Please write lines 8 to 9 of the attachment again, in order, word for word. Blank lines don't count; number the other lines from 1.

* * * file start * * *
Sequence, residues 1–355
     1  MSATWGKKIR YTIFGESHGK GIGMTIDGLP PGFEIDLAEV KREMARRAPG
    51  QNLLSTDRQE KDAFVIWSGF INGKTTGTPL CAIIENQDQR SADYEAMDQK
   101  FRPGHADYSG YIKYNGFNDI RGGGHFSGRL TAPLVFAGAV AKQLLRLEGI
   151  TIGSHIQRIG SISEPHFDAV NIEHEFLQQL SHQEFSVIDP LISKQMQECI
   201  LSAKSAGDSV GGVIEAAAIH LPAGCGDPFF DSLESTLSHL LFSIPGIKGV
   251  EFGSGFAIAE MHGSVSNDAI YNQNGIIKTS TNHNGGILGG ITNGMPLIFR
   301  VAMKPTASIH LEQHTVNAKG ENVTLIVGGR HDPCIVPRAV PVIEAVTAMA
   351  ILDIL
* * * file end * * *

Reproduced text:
   301  VAMKPTASIH LEQHTVNAKG ENVTLIVGGR HDPCIVPRAV PVIEAVTAMA
   351  ILDIL